by Sabrina Yu Pui Mun
In this critical reflection paper, I will be comparing two pieces of work created from two groups. The main compositional terms I will compare these two pieces under, will be of weight and texture. These terms have been selected as I feel that they were prominent features that I felt strong emotions from, but in noticeably different manners. The first piece to be discussed, was created by members Zack Faulks, Flora Jiang, Jana Ghimire and Regina Zhang.
The first piece struck me with really strong visual images that were accompanied by the hard-hitting audio that was composed and recorded by the members. I saw edited video compilations that surrounded the objects; eggs and spoons. They were captured in a way where no emotional connection could be formed between yourself and the eggs, but rather a sense of eeriness from my personal fear of the unknown. This was evident at the moment where the spoon was holding the egg, and the spoon was slowly rotating to an angle where the egg should’ve fallen and cracked, but somehow remained on the spoon; it made me feel anxious and uneasy. The composed audio accompanied the visuals really effectively, heightening the feelings of unease and anxiousness, creating the whole structure of the piece.
From start to end, I felt that the piece had a very stable growth in terms of weight. Initially, I only felt this way from the audio used in the piece, but later on, after several viewings, I felt that the visuals of the piece also managed to grow in the same manner. As an audience, sounds and images pile on top of us, all cumulative from the very beginning, with the one egg, and light background audio; surrounding sounds, and what I perceive as the peeling of an egg. Slowly but gradually, more sounds are stacked on top of one another, such as metal clinging sounds, egg cracks and other echoed noises, associated with more action to the eggs, the appearance and usage of the spoon and eventually to the combination of both the egg and spoon on screen. It made me feel like I was carrying a visual and auditory backpack but progressively with more weight placed inside of it, where first I would just feel it on the surface of my body, but as the video progresses, the weight is brought into the gut, my spine, and then the legs which support my body. Although the texture from the visuals were mostly round and soft edges; the curvature of the spoon, circular shape of the container, and elliptical shape of the egg, the texture from the sounds were so hard and rough on the edges. A visual image of the audio was created in my head, and all I saw were hard metal surfaces, with flat, sharp edges, as illustrated in Image 1.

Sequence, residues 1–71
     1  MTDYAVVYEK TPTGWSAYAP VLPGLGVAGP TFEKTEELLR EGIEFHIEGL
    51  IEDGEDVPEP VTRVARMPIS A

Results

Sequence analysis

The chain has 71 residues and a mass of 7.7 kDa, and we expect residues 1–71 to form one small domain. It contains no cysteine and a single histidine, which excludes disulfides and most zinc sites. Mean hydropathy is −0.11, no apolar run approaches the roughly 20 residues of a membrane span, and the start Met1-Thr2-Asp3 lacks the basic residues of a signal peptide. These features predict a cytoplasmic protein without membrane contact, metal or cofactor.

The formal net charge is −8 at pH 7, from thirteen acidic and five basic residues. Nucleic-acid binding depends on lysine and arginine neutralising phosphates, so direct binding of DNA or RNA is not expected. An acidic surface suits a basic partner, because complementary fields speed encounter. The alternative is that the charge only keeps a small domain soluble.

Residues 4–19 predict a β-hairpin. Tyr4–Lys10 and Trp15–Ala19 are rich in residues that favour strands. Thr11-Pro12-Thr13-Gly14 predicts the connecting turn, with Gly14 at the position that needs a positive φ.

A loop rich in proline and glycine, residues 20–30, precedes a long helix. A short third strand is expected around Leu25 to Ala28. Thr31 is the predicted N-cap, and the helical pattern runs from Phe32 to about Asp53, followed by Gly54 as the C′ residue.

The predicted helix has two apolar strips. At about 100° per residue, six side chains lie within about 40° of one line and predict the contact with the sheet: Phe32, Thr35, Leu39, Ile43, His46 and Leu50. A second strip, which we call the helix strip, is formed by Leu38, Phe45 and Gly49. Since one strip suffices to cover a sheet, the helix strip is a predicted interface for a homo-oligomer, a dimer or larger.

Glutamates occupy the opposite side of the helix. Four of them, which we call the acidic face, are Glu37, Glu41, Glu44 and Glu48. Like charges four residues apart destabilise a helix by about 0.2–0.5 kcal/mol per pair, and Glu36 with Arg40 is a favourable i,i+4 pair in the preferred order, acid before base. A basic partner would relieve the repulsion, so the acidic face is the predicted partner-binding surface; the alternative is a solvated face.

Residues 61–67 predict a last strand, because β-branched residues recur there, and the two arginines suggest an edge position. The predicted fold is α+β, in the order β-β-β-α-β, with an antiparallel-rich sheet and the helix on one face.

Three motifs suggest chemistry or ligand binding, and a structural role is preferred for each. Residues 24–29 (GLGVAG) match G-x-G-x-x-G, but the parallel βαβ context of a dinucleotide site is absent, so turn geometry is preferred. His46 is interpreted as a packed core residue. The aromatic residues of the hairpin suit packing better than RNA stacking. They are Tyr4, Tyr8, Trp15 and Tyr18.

Image 1: Drawing of audio textures from piece 1
The second piece I will be discussing and then compared with the first, was created by members Gulia Kurbanmagomedova, Jelra Ahn, and Stella Song. The second piece was significantly different in terms of structure. About half of their piece was audio-only, with a black screen accompanied. This allowed me to draw myself into the world of the audio, and to escape to wherever the sounds brought me. The mental images created were especially strong, as I became a part of the image created from the sounds. I saw views of a dock/pier from a personal, emotionally-engaging perspective, which was not present for me in the first piece. Even when the visual image appeared from about 1 minute and 10 seconds onwards, I was still in the mental world I created, but the origami boat and fish then became a part of my image. I felt very at peace with the calming sounds and imagery of waves crashing, the origami boat, the typical bell ringing at a pier. However, I also felt moments of anxiety as I was reminded of my personal fear of being in the open sea, from a traumatic experience I had when I was younger, where I had a major panic attack as I went snorkeling.
Compared to the first piece, I felt that the second maintained a consistency in weight throughout the piece. Although there was a significant change when the piece went from audio-only to audio and visual, I was able to remain in the same headspace, within the mental world that was initially created in the beginning. I did not feel like additional weight was added from the change, as well as the change in audio was consistent and lined up with my personal expectations, thus a lack of change in weight. If I were to reuse the image of an imaginary backpack, it would feel like the same three books are inside, which eventually over time, does desensitize. However, it is not negative as it creates a heightened sense of comfort and familiarity. As for texture, the second piece directly contrasts with the first. Although the visual images shown later are of origami art; with no smooth edges and only sharp, man-made corners, even on the fish, which in nature would be completely smooth, the textures I managed to feel were all smooth and flowy. In a way, both pieces managed to create the same effect in texture for their respective pieces. However, I found that really interesting as this was created primarily with the use of the audio, rather than the visual image on-screen. The flowy, smooth texture is stereotypical of the image of water and its waves, but the consistency of the sound contributed to this effect as well, where it felt like the movement of natural soundwaves, with equal wavelengths and amplitudes. If I were to draw out a visual image of the texture from the second piece, it would look like this (as shown in Image 2):